It is enough to compare this progression to the one registered between 1950 and 1970, when the motorization rate was multiplied by a factor of five or six, (including 19 in Italy) to realize that the era of automobile growth had ended in Western Europe. Nor were the perspectives in Eastern Europe looking excellent with a rate already close to a vehicle for two people.
In short, all manufacturers were going to face both a surplus and a fierce increase in competition. These trends inevitably had an impact on the structures of the auto builders. The image of the traditional "mammoth plant operations" faded to make way for the lean enterprise in which the role of the builder evolved from a manufacturer to a real systems integrator, solely responsible for the final assembly of the vehicles. Non-strategic industrial processes were entrusted to third parties, in this case subcontractors.
The builders were forced to take drastic saving measures. One of the most resounding initiatives was the closure of the so-called brownfield plants, that is to say, the oldest factories that, due to their location near the residential areas and their limited surface, could hardly undergo a radical reconversion. The closure of Renault production premises in Vilvoorde (Flemish Brabant) in 1997 -a true national drama- can be explained by this factor.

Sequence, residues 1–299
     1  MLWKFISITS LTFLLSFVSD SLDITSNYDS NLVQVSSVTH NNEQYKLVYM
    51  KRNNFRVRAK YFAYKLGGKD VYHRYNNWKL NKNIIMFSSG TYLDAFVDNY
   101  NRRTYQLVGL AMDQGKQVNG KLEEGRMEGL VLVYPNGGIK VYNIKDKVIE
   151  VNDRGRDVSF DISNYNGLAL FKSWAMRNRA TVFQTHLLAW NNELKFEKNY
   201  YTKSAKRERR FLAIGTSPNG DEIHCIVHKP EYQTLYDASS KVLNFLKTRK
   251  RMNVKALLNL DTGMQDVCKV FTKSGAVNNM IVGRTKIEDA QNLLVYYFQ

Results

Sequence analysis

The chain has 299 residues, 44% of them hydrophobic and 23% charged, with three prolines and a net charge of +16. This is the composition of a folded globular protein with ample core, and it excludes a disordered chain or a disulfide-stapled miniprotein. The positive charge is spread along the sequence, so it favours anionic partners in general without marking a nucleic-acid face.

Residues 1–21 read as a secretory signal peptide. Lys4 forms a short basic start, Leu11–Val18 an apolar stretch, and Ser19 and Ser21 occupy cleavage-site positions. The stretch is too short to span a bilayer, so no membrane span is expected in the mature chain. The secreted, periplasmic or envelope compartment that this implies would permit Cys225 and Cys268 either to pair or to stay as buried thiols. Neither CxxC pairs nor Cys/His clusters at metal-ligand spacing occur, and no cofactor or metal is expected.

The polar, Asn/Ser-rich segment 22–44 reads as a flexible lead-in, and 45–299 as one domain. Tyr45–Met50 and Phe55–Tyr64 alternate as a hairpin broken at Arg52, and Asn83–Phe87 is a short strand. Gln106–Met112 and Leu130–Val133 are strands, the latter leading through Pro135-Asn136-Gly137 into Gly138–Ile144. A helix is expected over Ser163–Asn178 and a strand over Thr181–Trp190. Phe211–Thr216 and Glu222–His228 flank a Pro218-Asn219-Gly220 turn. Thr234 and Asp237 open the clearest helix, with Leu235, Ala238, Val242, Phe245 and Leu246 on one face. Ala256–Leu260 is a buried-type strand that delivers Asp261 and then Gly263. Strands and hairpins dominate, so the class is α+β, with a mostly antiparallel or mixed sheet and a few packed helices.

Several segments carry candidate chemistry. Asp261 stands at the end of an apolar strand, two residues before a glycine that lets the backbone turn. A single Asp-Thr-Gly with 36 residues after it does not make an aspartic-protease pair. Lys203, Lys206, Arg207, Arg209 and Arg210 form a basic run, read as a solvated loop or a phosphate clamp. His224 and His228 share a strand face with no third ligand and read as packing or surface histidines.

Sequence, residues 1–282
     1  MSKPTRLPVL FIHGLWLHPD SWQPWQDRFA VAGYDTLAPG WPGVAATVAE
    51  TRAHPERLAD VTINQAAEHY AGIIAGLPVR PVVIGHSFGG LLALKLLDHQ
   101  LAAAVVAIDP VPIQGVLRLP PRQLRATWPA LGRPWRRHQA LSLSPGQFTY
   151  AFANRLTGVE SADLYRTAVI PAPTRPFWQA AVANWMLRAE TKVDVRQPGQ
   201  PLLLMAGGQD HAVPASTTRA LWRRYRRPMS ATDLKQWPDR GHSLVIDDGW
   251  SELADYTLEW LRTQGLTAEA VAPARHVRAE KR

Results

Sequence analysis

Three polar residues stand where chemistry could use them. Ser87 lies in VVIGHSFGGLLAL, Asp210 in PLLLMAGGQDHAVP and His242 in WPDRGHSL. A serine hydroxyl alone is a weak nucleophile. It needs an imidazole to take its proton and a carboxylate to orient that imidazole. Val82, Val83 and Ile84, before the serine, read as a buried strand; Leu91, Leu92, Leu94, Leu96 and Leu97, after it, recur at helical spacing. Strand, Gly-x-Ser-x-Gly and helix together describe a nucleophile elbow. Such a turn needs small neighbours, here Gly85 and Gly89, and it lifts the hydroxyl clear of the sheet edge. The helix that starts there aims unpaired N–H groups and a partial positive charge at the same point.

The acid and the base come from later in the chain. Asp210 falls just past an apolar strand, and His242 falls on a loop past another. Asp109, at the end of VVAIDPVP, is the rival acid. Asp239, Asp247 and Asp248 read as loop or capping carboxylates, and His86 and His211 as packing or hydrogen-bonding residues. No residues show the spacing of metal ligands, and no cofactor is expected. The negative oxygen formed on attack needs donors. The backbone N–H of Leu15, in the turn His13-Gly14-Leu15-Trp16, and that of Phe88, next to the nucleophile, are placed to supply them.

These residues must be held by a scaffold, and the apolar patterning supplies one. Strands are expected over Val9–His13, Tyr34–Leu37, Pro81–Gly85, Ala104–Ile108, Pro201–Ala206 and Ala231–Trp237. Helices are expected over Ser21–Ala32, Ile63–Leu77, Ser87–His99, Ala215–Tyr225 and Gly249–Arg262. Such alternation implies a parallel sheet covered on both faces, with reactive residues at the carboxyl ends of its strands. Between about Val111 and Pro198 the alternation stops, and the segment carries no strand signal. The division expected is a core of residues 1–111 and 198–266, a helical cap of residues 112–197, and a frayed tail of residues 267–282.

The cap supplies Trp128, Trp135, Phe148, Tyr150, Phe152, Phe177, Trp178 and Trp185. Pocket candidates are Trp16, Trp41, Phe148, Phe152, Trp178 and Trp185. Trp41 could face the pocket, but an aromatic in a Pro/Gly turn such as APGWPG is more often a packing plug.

This relentless hunt for unnecessary costs significantly increased the productivity of the assembly plants. Where 7,000 employees were still needed to assemble 200,000 cars in 1990, 5,000 were needed in 1990 and less than 3,000 by 2005.
At that time, the workers, involved wage-earners, the car unions and the Belgian government feared, like the plague, any subtle indication of plants’ relocation, any result less beneficiary, any reduction in productivity or decrease in the quality of work. They knew that it would be a pretext to justify measures taken far from the country: in Detroit, Tokyo, Wolfsburg, Goteborg or elsewhere.